Science has proven that physically active people have bigger brains than their lazy peers. So, if you lack motivation to exercise more here’s one extra reason to do it.
Scientists found that in midlife, people who abhorred physical activity up to that point had smaller brains than people who remained active for at least 20 years.
The study, which was published this week in Neurology, involved 1,583 volunteers that were not diagnosed with Alzheimer’s disease or a cardiovascular condition. Study participants were asked to provide real-time data on their fitness level on an experimental treadmill. Two decades later, participants were asked to repeat the move and have their brain scanned.
Scientists found that people who couldn’t exercise too much on the treadmill before their heart rate went dangerously high in their youth, had a higher risk of having smaller brains two decades later.
By contrast, physically fit people in their middle life have larger brains. Researchers also found a link between lack of exercise and heart beat spikes and high blood pressure which may signal later cardiovascular troubles.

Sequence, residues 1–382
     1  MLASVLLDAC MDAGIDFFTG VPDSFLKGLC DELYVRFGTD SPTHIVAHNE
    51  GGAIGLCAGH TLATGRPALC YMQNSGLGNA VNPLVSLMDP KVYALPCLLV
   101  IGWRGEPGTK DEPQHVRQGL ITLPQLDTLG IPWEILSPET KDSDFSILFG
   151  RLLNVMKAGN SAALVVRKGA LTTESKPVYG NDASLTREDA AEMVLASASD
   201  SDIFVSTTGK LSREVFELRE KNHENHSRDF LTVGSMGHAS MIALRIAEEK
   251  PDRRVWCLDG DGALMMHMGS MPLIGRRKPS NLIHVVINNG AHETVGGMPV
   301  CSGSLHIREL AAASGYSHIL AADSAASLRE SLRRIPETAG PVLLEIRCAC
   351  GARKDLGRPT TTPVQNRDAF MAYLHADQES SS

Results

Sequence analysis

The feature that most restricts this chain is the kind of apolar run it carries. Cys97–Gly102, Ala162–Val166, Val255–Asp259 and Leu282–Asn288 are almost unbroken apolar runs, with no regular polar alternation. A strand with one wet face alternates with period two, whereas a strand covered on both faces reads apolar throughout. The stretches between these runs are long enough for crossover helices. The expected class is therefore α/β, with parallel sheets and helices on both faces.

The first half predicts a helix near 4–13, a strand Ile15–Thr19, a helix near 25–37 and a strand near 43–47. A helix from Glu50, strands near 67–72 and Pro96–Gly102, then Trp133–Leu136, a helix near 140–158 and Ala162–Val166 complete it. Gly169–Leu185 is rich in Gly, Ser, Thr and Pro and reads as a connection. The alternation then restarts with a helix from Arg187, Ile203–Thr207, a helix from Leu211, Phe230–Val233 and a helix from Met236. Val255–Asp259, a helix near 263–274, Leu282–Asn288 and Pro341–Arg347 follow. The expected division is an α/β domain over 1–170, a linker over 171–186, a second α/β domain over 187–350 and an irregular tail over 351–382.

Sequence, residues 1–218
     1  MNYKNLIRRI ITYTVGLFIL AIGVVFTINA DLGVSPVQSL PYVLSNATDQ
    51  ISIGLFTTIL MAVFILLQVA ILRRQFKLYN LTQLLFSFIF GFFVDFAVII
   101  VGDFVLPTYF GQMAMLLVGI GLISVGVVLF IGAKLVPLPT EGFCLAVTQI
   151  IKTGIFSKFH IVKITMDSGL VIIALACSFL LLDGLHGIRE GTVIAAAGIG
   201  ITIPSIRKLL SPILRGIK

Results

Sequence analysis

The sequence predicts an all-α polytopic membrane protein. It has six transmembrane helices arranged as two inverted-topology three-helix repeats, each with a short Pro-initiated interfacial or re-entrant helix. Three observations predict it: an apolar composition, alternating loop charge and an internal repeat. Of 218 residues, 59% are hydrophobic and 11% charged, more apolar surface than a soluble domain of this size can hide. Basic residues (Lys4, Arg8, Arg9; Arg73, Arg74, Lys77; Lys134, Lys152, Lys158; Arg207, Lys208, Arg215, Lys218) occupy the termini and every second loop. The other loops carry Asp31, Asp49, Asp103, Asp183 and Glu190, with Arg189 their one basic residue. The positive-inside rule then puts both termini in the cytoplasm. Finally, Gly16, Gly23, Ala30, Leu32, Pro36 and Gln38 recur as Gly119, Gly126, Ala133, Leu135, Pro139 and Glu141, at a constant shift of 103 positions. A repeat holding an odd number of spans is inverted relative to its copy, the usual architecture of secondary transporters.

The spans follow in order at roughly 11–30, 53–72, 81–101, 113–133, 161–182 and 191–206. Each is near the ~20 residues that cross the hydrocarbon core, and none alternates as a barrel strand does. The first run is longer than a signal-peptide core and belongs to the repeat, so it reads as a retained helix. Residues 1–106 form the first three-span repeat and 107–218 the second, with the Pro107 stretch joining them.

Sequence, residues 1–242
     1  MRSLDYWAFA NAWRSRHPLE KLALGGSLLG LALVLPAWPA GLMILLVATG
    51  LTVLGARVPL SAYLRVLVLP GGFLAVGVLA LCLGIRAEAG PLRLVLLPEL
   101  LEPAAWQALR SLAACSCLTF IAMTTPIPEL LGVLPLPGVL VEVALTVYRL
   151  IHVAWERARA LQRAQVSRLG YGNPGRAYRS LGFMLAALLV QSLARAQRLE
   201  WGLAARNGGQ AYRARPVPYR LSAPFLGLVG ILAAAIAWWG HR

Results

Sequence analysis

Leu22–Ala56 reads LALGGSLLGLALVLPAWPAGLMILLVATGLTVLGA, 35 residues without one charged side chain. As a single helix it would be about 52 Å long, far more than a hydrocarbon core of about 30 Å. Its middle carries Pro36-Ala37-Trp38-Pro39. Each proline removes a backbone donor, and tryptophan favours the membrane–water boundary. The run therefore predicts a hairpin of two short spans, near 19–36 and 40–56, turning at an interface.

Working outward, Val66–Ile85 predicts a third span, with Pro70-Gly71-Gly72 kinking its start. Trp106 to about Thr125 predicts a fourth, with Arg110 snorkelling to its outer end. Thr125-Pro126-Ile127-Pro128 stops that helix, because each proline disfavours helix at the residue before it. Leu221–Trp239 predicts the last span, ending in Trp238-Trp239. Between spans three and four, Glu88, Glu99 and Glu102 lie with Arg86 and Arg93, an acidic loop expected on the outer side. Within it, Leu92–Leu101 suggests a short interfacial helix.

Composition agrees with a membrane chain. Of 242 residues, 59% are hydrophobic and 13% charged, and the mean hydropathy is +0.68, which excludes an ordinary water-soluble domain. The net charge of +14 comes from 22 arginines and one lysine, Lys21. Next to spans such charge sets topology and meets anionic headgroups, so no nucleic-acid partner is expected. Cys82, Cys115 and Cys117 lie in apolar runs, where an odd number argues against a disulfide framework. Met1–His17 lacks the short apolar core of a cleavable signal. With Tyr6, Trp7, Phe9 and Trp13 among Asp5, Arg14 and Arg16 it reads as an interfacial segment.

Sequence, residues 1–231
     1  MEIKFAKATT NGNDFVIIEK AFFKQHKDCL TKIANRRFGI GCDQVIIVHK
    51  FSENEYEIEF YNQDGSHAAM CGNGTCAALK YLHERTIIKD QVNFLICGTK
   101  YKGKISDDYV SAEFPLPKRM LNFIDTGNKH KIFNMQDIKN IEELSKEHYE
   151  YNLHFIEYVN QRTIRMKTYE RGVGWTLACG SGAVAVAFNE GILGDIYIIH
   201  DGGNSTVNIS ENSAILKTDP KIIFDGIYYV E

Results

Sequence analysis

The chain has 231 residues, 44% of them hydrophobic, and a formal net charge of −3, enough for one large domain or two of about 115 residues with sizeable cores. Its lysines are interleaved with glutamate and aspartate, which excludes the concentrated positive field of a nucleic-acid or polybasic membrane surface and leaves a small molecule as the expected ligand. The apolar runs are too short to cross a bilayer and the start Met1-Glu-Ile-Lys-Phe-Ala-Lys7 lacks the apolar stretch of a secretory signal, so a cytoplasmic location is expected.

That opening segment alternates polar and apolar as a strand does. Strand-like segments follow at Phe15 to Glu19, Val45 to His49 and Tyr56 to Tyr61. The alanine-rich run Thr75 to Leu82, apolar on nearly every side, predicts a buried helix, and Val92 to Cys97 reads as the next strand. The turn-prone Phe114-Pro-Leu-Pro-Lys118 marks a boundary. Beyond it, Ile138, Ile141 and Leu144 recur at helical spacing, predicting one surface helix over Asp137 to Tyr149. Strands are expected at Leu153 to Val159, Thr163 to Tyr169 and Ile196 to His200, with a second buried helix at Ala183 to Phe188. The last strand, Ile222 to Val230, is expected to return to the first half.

But study authors acknowledged that their study has some limitations. For instance, study participants didn’t have their brains scanned 20 years ago. So, researchers are not quite sure whether their brains got larger over the years due to workout or their brains got smaller due to lack of exercise. Yet, the recent study confirms previous findings that underscored a link between physical activity and lower risk of cognitive decline.
Scientists wrote in their paper that they aren’t sure about the period in life when workout affects the most brain volume either. So it isn’t clear whether being physically active in midlife or later on would make a difference. Nicole Spartano, senior researcher involved in the study, believes that both periods may be equally important. Currently, the team plans a follow-up on the issue.
Past research had also shown that exercise not only helps you build a stronger body, but it also helps you build a stronger brain. Several studies had shown that the best physical exercise for the brain is aerobic exercise, or whatever makes your heart pump really hard, and forces you to sweat and breathe hard. This includes dancing, running and even skating.
School kids are often recommended to stay physically sharp if they want positive outcomes in class. Exercise helps you learn new things easier because it provides the brain with much-needed ‘food’ such as oxygen and nutrients from the blood stream.
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